Applying New Protections to Your Health Plan

By Karen Pollitz, Director for Consumer Support, Center for Consumer Information and Insurance Oversight. Cross-post from Healthcare.gov

HMO. PPO. COBRA. Participating Provider. Allowable charges. Claim Denied. Sometimes it seems like health insurance is in a whole different language.

Knowing the Affordable Care Act protections are in place is one thing; but applying them to our own health plans or policies is another. Who doesn’t need help figuring out what it all means—starting with the terms of our coverage?

Today I’d like to tell you how you can put new protections and options to work for you.

Health insurance problems are difficult enough to sort through in the midst of our fast-paced lives, and they can be overwhelming when we’re facing illness or injury.

That’s why the Affordable Care Act included resources to strengthen existing or new Consumer Assistance Programs like the one that helped the Schley family maneuver the marketplace. If you need help with a health insurance problem or have a question about coverage or benefits, you can find out where to go in your state for help.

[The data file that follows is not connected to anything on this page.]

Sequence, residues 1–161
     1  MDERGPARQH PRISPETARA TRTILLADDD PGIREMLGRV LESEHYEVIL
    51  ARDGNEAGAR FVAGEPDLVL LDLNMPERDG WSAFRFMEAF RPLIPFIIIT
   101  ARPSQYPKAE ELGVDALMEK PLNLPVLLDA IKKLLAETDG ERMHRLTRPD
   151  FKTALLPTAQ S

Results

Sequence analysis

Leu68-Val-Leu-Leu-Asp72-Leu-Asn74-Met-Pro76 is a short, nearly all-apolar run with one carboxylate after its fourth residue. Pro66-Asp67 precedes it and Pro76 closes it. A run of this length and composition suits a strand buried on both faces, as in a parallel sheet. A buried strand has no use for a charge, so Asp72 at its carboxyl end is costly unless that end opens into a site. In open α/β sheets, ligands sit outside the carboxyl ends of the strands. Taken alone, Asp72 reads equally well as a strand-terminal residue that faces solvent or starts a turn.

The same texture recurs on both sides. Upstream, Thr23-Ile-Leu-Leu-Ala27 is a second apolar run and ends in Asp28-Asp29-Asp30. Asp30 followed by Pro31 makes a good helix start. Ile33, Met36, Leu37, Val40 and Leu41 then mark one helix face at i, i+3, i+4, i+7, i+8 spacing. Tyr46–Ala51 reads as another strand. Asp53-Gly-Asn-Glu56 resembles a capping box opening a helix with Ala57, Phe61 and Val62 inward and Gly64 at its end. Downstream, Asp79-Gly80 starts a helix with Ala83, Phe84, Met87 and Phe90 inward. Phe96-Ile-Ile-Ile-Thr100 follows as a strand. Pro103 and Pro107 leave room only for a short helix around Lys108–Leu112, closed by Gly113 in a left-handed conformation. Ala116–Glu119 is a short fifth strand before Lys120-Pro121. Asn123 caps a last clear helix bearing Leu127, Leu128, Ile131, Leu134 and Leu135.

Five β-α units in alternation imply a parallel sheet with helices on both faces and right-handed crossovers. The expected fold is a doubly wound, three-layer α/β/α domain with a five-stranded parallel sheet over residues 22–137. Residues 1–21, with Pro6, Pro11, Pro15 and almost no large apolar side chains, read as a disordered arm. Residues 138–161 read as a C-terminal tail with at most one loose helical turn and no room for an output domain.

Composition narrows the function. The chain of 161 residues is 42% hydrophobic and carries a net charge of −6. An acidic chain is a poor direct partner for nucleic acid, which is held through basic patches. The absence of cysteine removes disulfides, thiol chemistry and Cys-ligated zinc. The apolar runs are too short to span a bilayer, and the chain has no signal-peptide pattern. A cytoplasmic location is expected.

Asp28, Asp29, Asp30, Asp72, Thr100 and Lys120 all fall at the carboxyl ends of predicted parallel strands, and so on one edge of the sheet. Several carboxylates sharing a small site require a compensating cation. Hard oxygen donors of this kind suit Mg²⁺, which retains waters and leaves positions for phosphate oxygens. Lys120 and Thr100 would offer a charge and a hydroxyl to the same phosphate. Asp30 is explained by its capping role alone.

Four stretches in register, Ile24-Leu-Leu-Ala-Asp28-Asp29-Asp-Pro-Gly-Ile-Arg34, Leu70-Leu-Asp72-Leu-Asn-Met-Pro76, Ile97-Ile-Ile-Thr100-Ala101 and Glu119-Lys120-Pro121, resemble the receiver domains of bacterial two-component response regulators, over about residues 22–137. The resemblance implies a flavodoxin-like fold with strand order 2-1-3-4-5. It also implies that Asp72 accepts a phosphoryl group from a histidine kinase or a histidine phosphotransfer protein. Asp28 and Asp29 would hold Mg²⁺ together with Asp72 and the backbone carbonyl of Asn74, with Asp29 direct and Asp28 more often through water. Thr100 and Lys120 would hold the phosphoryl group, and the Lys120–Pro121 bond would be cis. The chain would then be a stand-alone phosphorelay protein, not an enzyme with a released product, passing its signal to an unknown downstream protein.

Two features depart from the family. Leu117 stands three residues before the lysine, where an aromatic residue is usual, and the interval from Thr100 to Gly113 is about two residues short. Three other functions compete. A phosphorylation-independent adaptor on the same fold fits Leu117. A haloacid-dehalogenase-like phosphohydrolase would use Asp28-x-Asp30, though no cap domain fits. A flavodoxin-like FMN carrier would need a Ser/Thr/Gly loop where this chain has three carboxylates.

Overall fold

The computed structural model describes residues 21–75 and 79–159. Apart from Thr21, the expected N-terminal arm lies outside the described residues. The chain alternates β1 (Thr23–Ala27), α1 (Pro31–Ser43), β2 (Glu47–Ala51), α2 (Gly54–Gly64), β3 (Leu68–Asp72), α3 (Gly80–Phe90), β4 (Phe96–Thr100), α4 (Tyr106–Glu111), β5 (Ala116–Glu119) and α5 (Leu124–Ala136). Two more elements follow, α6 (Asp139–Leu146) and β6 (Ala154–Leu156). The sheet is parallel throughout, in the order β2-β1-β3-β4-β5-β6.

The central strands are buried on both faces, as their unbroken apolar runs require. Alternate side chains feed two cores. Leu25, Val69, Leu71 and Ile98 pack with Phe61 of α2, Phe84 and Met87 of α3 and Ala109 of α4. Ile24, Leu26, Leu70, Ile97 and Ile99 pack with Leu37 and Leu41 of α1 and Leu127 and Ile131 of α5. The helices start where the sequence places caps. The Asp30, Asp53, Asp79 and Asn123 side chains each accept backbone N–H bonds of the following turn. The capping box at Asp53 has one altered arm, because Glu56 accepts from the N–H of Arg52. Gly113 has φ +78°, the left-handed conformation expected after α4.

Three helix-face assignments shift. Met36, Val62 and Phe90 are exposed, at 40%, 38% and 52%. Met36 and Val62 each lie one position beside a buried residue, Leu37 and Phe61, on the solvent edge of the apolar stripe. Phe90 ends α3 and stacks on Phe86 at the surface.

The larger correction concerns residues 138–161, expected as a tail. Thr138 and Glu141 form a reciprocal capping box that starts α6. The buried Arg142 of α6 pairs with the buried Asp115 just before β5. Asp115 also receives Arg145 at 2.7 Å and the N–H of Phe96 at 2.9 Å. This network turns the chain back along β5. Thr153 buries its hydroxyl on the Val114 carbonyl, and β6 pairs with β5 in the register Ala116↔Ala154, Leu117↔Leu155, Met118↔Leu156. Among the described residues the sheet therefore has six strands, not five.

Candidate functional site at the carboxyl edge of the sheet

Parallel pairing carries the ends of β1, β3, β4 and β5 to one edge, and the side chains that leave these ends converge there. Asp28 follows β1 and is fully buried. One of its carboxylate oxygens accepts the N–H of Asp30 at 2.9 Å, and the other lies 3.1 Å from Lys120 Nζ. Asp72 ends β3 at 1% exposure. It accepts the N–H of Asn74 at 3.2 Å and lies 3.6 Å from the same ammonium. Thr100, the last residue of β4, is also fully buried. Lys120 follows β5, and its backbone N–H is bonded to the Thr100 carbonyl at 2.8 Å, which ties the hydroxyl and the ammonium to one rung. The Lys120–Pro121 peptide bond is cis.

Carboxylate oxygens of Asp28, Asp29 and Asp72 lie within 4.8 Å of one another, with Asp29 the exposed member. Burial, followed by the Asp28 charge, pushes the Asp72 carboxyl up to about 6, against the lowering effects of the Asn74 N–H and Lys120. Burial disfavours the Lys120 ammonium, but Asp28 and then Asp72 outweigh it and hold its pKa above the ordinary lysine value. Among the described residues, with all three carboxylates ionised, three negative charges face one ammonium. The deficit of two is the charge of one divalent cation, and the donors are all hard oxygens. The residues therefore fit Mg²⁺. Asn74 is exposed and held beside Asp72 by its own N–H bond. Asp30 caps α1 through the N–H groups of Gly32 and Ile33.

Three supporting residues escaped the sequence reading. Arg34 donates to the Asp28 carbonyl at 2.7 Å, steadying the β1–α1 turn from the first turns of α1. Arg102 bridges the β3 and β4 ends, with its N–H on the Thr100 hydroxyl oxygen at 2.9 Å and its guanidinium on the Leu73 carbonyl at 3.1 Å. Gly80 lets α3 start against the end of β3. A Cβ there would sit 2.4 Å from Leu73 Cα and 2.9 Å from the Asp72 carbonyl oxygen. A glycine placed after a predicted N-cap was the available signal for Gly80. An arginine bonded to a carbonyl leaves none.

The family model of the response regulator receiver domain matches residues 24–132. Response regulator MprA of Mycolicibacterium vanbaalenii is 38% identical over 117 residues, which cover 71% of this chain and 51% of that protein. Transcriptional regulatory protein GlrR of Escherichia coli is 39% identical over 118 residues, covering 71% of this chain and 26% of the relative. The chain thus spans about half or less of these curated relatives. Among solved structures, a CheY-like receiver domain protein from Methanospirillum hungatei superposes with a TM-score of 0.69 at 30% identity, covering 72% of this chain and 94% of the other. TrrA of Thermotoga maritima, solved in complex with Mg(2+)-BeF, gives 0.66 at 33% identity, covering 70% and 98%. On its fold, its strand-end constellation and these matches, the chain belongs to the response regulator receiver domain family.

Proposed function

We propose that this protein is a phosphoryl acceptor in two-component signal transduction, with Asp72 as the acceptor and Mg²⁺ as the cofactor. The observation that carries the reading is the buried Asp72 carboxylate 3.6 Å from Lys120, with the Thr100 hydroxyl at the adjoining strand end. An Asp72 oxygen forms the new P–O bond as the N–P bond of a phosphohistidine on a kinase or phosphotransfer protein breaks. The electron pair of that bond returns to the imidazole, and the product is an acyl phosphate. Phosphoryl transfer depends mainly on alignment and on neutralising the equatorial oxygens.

Our interactive Consumer Assistance Program Map , on HealthCare.gov will show you where you can find someone who “speaks insurance.” For consumers in states that didn’t apply for Consumer Assistance Program grants, the map offers links to a variety of public programs that may also be able to offer some assistance.

As you can see, there is a lot to celebrate in the first year. But, there is more to come down the road, and new rules will provide additional benefits to consumers. You will be hearing about new rules regarding more transparency in the marketplace so that consumers can be more informed about what services will be covered in plans.

And, starting in 2014, new state Health Insurance Exchanges will create more convenient and competitive marketplaces for individuals and small businesses. That same year, insurers will no longer be allowed to exclude anyone based on a pre-existing health conditions, which will offer more protection for consumers and increase access to care.

There is still plenty of work to do over the next few years. But first steps are important, and the consumer protections enacted through the Patient’s Bill of Rights this year have helped get us moving toward important changes for consumers. All Americans will benefit through the lower premiums, more efficient care, and other cost savings as the law unfolds over the next few years.

Ed note: this is the third in a series of three blogs about consumer protections made available thanks to the Affordable Care Act.